Linux, digital rights on collision course

Widespread use of Linux and open-source software is an inevitability, but the new programming technique is running into troubles with the important new technology of digital rights management, Hewlett-Packard's top Linux executive said Tuesday.

Digital rights management (DRM) uses encryption to protect proprietary content such as music or movies. But it's not just for entertainment: DRM also will govern confidential documents and other mainstream business information, said Martin Fink, HP's vice president for Linux, speaking at a keynote address at the LinuxWorld Conference and Expo.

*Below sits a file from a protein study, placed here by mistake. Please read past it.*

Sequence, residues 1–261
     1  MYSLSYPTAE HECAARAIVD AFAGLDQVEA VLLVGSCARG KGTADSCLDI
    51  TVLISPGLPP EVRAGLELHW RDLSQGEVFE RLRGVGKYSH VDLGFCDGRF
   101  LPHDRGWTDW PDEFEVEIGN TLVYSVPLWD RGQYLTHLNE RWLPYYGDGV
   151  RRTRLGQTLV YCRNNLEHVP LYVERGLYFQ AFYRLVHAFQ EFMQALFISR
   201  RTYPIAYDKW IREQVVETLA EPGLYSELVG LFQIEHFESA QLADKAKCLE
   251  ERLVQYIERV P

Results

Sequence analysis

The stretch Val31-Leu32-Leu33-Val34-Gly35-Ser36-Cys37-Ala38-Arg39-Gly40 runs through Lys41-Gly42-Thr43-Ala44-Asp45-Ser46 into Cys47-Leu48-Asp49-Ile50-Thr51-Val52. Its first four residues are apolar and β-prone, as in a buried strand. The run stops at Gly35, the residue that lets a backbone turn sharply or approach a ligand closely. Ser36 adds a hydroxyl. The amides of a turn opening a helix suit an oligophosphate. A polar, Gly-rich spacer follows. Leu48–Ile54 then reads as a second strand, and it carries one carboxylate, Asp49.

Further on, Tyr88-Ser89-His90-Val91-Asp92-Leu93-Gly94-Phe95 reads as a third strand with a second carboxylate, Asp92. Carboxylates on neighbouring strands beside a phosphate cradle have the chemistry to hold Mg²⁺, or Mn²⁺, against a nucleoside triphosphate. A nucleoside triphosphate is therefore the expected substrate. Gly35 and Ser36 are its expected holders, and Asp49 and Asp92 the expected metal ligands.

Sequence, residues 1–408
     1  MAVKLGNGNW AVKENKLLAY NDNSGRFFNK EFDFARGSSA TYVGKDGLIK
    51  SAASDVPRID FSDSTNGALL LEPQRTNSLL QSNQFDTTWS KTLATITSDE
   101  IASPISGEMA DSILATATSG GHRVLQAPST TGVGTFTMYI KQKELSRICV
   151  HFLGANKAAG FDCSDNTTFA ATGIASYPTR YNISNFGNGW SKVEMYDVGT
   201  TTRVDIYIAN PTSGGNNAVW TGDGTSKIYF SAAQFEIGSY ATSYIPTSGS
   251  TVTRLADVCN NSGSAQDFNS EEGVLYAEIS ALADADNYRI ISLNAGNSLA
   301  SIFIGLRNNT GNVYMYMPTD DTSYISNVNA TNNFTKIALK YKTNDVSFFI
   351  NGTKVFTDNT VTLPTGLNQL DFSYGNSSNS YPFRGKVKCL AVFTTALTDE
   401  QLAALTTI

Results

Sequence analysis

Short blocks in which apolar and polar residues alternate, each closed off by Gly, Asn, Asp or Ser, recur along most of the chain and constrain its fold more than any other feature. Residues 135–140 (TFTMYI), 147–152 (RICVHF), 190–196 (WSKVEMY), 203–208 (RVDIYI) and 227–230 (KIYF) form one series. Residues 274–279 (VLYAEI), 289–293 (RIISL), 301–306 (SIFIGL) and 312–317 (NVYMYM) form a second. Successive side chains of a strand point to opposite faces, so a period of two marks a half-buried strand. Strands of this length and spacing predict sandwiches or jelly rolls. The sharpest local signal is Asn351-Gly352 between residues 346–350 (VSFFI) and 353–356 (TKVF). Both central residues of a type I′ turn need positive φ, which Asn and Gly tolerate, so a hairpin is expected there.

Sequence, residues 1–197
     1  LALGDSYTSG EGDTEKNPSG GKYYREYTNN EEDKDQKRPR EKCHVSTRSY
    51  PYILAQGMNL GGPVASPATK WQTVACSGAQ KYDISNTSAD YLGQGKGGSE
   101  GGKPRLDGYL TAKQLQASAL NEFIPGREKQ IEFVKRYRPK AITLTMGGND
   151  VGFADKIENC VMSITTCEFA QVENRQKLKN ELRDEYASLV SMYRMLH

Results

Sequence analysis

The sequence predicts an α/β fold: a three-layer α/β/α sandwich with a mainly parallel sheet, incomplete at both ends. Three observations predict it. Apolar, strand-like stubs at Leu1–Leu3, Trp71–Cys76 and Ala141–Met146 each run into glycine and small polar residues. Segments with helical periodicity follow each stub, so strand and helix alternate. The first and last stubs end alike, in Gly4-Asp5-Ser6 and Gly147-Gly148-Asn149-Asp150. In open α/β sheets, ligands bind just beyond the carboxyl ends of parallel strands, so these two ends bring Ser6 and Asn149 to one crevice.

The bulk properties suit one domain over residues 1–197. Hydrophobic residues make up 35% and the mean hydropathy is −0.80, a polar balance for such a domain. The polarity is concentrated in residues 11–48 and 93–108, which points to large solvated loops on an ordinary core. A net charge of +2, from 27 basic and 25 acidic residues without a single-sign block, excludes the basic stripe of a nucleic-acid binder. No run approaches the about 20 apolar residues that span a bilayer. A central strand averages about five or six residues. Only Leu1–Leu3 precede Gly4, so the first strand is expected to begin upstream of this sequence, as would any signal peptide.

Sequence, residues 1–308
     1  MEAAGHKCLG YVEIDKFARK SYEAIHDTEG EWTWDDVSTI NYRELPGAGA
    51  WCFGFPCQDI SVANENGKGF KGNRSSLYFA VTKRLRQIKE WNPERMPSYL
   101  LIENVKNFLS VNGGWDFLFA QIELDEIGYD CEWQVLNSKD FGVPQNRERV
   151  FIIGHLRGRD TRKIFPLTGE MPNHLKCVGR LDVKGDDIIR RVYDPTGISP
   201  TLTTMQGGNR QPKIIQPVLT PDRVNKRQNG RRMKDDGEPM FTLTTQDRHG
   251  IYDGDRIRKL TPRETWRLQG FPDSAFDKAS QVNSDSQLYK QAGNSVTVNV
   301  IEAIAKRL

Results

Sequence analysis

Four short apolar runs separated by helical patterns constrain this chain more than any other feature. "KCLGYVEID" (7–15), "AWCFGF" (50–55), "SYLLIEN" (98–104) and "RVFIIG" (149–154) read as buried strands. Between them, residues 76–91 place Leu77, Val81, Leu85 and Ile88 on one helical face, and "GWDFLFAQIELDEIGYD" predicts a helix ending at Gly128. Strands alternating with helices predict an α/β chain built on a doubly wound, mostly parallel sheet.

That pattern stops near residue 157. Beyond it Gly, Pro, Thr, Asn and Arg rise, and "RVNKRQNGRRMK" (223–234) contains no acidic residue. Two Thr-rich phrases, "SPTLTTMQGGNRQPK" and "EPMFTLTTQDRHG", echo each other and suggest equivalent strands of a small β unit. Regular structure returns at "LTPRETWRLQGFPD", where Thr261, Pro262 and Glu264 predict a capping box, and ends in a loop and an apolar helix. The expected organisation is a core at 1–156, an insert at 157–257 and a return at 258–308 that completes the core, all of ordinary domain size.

Right now there is a risk that DRM adoption will lock out Linux and open-source software, Fink said. "Unfortunately, DRM and open-source software are today largely incompatible because of an extension to copyright law called the Digital Millennium Copyright Act," Fink said. Indeed, the tensions between open-source software and DRM have led to legal fights in the case of Linux support for the decryption needed to play movies on DVD. Ultimately, the solution to the DMCA problem will require lobbying to change the rules, Fink said; some in Congress have proposed changes to the law.

News source: C|Net

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